Yet, for professionals in the field we know that this report is a huge problem.  Incidents of sexual assault and rape in a population of 42,000 are nowhere near 7. 

Perusing the document further you find programs like SafeCampus and Rape Aggression Defense, which all serve purposes.  Yet, they can’t make up for the primary weakness here.  Victims don’t come to the police, and if they do, what hurdles must be overcome for your assault to show up as a statistic on this report? 

A college campus should be an environment where a victim can feel safe enough to come forward.  If they don’t, on YOUR CAMPUS, then you’ve got to figure out why.  Don’t just present us with this number 7 and expect us to believe the problem is being addressed.  

If that 7 was 700 then I would think to myself, this is a place where victims feel safe and are able to report.  I would think that there is a real supportive community in place here.  That the campus police have been accepted and intergrated into the student consciousness.  That would be a SafeCampus. 

Yet, colleges administrators don’t want you to see the true numbers on abuse reflected in their safety reports because they NEED that student population of 42,000 to have only 7 reported cases.  The number has to stay small enough so that it’s not considered “newsworthy” to the media.  When you look at reports such as these, that is the ultimate intent.  Protect their reputation.  Protect the culture.  Assure future tuition-paying parents that this campus is worth their money, as-is.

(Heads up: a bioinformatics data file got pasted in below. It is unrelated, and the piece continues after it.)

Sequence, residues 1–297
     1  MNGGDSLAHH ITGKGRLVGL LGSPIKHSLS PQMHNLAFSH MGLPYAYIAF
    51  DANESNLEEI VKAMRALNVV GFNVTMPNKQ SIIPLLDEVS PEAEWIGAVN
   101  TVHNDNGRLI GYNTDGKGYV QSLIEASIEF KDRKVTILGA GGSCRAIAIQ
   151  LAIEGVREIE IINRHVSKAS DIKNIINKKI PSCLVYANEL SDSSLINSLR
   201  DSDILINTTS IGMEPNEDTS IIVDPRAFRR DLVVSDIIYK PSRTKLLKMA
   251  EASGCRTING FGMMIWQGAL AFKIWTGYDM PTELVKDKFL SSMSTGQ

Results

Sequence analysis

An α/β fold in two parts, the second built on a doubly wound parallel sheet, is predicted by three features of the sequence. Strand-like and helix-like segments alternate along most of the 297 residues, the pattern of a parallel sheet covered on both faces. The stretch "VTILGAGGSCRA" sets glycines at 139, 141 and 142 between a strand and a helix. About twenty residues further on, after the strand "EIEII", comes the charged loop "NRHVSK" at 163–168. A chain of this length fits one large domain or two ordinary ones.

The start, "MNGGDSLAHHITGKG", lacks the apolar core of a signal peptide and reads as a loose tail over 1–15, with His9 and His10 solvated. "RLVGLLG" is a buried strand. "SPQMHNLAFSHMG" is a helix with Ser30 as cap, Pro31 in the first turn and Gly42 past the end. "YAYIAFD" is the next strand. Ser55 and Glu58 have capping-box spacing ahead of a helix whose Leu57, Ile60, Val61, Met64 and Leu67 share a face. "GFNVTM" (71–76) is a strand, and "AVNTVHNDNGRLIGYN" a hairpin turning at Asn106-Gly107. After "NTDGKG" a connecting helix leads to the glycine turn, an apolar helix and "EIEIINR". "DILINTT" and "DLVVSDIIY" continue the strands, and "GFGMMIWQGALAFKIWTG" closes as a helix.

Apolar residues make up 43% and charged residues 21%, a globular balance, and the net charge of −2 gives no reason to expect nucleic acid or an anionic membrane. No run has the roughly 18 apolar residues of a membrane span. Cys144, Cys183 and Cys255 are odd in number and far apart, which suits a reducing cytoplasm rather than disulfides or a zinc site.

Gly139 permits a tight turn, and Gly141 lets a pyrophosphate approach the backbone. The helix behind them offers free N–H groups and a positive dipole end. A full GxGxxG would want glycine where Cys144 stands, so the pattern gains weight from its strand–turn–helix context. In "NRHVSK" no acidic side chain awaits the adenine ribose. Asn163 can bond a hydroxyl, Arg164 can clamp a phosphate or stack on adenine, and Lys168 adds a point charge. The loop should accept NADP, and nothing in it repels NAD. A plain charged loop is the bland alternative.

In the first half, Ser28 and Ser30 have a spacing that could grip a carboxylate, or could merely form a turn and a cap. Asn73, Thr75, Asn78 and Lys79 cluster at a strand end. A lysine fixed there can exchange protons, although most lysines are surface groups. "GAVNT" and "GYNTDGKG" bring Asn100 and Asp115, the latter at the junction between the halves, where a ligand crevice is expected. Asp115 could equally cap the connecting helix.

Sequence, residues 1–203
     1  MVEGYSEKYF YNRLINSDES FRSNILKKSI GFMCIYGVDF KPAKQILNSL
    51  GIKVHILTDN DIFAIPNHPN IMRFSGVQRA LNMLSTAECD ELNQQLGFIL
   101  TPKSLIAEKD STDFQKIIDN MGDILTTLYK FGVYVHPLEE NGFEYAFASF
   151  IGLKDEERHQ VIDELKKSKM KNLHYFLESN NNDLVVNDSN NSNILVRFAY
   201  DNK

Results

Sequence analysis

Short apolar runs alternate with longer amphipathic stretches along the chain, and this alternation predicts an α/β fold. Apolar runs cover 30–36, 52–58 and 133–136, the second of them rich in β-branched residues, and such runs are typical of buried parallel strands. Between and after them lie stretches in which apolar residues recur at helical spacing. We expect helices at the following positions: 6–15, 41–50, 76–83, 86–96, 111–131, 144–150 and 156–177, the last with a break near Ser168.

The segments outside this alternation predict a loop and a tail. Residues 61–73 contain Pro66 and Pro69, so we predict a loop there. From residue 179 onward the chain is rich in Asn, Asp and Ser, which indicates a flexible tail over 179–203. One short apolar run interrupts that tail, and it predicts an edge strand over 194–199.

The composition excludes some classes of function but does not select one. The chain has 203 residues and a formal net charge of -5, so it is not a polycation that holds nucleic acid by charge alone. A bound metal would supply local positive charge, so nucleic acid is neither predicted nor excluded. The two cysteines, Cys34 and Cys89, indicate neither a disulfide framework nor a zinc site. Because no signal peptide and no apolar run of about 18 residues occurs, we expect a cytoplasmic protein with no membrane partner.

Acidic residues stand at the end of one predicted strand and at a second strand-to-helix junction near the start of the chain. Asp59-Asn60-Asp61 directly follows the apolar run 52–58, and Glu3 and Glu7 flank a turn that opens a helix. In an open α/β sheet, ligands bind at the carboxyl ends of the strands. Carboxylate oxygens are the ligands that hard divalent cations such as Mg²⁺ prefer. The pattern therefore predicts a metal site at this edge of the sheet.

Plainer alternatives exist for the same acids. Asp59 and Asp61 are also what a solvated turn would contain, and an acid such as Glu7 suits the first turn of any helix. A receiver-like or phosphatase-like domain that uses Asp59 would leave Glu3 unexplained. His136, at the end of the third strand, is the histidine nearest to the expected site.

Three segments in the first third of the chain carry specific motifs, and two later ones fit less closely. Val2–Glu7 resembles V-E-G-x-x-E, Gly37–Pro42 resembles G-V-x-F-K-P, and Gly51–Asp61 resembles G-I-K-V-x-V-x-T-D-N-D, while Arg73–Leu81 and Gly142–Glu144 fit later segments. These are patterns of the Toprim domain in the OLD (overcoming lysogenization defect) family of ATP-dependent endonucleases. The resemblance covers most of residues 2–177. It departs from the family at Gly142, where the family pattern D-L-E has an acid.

What we don’t need is the number of the tiny minority of victims who actually report abuse and surmount all of the red tape to be included in this report.  What we need is to know what’s going on.

If you want to know what’s going on, then continue looking.  The numbers just don’t add up here.

http://www.washington.edu/admin/police/campus_security_fire_guide.pdf

Open Letter to Pete DeGraaf

An open letter sent today to Kansas State Representative Pete DeGraaf.  Why are we sending it?

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Representative DeGraaf,

It’s disappointing to hear of an official representative of the people, which includes a large constituency of women, likening rape to the spare tire you carry in your car. It’s your contention that women should ‘plan ahead’ for rape. Did you know that 1 in 4 women have been at least sexually assaulted by the age of 16? So I wonder how teenage girls ‘plan ahead’ for rape. You represent the people of Kansas. To initiate an argument on a horrific issue which you clearly know so little about is a slap in the face of every victim and every citizen in your district. Even your fellow Republicans took exception to your ridiculous comparison, as do the millions who now know your true feelings on this issue.